RUMBELOW, Geoffrey Malin (SX8507)

Studio portrait of SX8057 Pte Geoffrey Malin RUMBELOW, the photographer is unknown. This image was scanned from a photograph on the Waitpinga Honour Roll Pictorial board.

SX8507 Private Geoffrey Malin RUMBELOW

Geoffrey Malin RUMBELOW, was born at Victor Harbor on 12 June 1917, the second son of Howard Charles RUMBELOW and Ruby Lillian RUMBELOW (nee Theisinger). He was educated at Victor Harbor Public School and at the time of his enlistment in the 2nd AIF on 5 July 1940, he was working on a farm in the Waitpinga area.

Geoff had served three years with the militia 18th Light Horse Machine Gun Regiment, thus he quickly settled into army life. He was posted to the newly formed 2/48th Infantry Battalion, which was undergoing an intense regime of training, drill and discipline. The Battalion was ordered for overseas service and Geoff proceeded on pre-embarkation leave on 22 October 1940.

On 18 November, the Battalion embarked on the HMS Stratheden along with another 2,100 troops. The convoy sailed via Colombo and docked at El Kantara, Egypt on 17 December 1940; the men then travelled by train to Dimra, Palestine. In early 1941, the Battalion along with the rest of the 9th Division, moved to Cyrenica, Libya to complete its training. After a German-led attack, the Division fell back to Tobruk and the 2/48th Battalion formed part of the town’s defences on 9 April 1941.

On Easter Monday, 14 April the Battalion helped defeat the Axis assault on Tobruk, while manning part of the outer defences. On 15-16 April, patrols from the 2/48th captured 800 Italian soldiers from the 62nd Trento Regiment.

Over the ensuing months, the 2/48th rotated in and out of the frontline. Enemy aerial attacks continued against the Tobruk defences and the harbour. The port was the only supply route into the beleaguered garrison. Even the rear positions in the Tobruk area were subjected to aerial attacks and artillery barrages and no area within the perimeter was safe. Water and rations were in short supply, whilst the lack of vitamins and of good food caused the sickness rate to rise alarmingly. All the men were very thin, living as they were on the barest rations and essentials and under conditions of dust, dirt, fleas and flies.

On 28 September, Geoff was evacuated to the 2/4th Australian General Hospital with acute gastritis, a common illness at Tobruk. He was diagnosed with catarrhal jaundice. In early October 1941, the Battalion was relieved by the 3rd Polish Battalion and Geoff and his fellow casualties were evacuated to Egypt by sea on the night of 12 October.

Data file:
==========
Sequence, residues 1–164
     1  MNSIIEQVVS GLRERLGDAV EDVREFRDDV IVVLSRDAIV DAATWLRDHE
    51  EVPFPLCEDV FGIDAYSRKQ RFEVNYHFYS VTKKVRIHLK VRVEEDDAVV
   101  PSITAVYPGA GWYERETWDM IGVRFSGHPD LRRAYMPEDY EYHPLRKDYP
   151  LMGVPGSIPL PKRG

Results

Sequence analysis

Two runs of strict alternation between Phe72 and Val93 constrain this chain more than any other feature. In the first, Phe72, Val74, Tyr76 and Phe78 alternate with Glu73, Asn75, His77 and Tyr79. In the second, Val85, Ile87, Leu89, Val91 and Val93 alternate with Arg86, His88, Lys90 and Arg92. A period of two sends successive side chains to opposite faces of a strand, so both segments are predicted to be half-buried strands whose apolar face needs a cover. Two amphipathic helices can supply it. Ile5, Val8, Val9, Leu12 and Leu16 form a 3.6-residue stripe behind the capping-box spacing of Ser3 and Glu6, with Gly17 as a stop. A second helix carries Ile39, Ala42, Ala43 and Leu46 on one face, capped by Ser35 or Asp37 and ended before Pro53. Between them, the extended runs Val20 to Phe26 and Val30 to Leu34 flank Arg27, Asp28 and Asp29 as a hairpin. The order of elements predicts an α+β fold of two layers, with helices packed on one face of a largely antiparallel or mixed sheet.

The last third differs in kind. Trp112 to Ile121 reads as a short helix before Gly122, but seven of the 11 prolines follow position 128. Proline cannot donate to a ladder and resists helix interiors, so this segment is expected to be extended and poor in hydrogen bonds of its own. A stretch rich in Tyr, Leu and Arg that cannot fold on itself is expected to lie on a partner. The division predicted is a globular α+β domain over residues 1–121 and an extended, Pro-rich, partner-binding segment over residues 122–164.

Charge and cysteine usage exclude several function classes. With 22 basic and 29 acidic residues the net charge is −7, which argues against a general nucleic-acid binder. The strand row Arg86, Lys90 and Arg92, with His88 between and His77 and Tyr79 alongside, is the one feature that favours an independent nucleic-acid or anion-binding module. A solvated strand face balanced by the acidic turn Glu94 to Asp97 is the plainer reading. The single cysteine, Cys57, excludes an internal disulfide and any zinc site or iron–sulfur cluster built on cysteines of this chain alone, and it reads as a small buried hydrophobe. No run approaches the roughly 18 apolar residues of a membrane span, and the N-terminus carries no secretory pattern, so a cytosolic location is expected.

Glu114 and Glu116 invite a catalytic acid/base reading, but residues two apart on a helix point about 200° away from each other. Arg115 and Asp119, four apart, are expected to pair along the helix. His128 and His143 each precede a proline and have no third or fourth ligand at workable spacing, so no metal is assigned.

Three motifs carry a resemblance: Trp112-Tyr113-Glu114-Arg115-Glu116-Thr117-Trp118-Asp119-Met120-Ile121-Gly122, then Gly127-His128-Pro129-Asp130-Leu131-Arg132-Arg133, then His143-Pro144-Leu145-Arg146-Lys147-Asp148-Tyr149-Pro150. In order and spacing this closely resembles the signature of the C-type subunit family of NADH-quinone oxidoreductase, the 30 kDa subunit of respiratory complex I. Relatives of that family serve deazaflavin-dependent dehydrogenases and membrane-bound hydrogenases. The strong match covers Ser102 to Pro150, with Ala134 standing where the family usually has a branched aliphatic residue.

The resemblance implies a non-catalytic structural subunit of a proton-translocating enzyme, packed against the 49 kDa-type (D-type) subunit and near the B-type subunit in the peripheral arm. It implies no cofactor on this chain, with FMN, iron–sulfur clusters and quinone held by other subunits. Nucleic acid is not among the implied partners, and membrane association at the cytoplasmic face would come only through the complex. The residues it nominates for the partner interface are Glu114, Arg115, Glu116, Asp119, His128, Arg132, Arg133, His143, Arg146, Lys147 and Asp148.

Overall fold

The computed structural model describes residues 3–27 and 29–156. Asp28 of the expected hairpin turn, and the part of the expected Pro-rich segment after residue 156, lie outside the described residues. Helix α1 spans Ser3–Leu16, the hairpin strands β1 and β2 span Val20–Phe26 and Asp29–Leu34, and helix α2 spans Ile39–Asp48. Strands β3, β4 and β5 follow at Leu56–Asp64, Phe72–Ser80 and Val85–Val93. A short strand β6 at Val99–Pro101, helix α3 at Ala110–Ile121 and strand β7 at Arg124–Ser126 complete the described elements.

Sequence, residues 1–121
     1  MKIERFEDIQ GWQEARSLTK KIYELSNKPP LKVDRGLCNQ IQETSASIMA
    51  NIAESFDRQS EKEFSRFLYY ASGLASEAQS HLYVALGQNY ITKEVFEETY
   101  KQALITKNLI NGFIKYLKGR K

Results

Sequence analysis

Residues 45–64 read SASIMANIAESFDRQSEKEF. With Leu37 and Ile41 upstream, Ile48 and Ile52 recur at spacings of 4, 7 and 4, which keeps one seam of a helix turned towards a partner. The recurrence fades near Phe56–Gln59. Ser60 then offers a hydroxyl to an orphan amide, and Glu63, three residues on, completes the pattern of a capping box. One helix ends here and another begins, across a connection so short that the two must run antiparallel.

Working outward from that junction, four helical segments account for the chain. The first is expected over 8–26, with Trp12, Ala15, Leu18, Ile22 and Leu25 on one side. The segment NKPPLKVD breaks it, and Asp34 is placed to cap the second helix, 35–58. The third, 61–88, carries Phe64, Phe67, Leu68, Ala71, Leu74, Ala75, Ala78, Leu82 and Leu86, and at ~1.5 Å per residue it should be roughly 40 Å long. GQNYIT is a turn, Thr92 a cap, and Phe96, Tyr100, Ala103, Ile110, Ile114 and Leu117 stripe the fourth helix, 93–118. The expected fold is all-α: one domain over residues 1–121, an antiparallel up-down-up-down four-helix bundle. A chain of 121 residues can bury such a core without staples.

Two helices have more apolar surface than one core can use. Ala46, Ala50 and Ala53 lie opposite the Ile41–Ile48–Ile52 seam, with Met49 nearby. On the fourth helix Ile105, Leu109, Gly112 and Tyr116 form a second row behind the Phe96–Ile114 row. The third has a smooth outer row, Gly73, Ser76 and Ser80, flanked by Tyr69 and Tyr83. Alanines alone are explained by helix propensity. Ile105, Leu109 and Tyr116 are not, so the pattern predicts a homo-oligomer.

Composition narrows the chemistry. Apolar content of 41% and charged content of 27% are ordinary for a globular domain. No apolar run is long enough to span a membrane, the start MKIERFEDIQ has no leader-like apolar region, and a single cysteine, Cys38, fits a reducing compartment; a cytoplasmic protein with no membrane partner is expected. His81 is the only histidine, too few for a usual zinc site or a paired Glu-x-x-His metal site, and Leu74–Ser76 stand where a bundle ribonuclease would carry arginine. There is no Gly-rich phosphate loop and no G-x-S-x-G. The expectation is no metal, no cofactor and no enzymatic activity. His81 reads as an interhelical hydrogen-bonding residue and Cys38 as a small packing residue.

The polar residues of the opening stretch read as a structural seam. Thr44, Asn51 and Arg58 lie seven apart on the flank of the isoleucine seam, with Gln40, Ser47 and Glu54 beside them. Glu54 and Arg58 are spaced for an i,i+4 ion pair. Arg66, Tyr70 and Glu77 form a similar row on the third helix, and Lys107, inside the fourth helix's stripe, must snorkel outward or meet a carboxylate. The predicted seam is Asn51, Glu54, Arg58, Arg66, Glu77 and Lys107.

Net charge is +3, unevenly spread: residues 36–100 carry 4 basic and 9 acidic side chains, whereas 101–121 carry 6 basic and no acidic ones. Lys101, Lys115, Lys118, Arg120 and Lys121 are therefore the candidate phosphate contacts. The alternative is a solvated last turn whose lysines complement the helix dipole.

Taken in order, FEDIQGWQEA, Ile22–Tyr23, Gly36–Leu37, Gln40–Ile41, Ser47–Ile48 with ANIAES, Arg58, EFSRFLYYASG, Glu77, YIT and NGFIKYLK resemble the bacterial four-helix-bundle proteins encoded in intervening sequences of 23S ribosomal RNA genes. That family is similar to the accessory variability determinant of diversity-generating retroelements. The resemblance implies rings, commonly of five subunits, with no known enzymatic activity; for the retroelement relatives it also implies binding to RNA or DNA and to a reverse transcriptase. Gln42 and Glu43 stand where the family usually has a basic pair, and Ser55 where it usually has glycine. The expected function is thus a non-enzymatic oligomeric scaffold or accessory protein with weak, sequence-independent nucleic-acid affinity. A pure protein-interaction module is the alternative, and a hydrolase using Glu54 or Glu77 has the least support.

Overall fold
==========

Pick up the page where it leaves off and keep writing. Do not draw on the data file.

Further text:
The Battalion reformed in Palestine; by 6 July 1942, the men were at Shammama Halt, Egypt where they prepared for the imminent German assault. Tobruk had fallen and Rommel’s forces were headed eastwards towards the Suez Canal. In what would become known as the First Battle of El Alamein, the 9th Division started its advance and by 10 July, they were moving through the minefields. Attacking just before dawn, the 2/48th took its first objectives and captured about 400 prisoners.

Geoff was wounded in the attack with blast injuries and was admitted to the Battalion’s Casualty Section; he returned to duty shortly after. Tel el Eisa was captured the following morning.

The Second Battle of El Alamein commenced on 23 October and was fought until 11 November. The 2/48th was again at the front and the fighting was bitter and intense, and many casualties were suffered. Alamein was a great success for the Allies and the Axis forces were in general retreat. With the battle over, the Division was needed back in Australia to defend against the Japanese. The Battalion sailed from Suez on 1 February 1943 and docked in Melbourne on 25 February. After some leave, the Battalion reformed but Geoff had been admitted to hospital suffering from a fractured metatarsal.

Extended convalescence leave meant Geoff would not rejoin the Battalion. On 16 September 1943, after a lengthy medical examination, Geoff was classified medically unfit for front line duty. He was posted to General Details Depot (GDD) at Wayville.

On 27 December 1943, Geoff married Shirley Dawn HEATH at Yilki Church, Victor Harbor. Geoff was discharged from the army on 2 October 1945. He had served a total of 830 days outside of Australia.

Geoffrey Malin RUMBELOW drowned off Encounter Bay during a severe storm on 16 May 1975. He is interred in the Victor Harbor Cemetery.

The Victor Harbour Times, edition of Friday, 24 July 1942 published the news of Geoff being wounded in battle; from Trove Newspapers.
The Victor Harbour Times, edition of Friday, 7 January 1944 published the news of Geoff’s wedding; from Trove Newspapers.


The Honour Roll board listing the men and women from the Waitpinga area who served in the Second World War. Photographed by Victor Harbor RSL History Research Team member Ian MILNES on 17 April 2011.
One of the three Waitpinga Pictorial Honour Roll boards; LT Bill GOODE is shown at the bottom, centre. Photographed by Victor Harbor RSL History Research Team member Ian MILNES on 17 April 2011.
Photograph was Geoff’s grave in the Victor Harbor Cemetery; this photograph was taken by Victor Harbor RSL History Research Team member Ian MILNES on 26 August 2012.


Service file of SX8507 Geoffrey Malin RUMBELOW purchased from the National Archives of Australia ( ), and made possible by a grant from the Department of Veterans’ Affairs. The grant also made possible the scanning of the photographs featured on the Waitpinga Pictorial Honour Roll Boards No 1 and No 2, along with the digital restoration of a number of the images of servicemen and women featured on the Waitpinga Pictorial Honour Roll Board No 3.

Australian War Memorial database ( ).

Wikipedia – the 2/48th Battalion (Australia) – (


Compiled by the Victor Harbor RSL History Research Team, January 2014.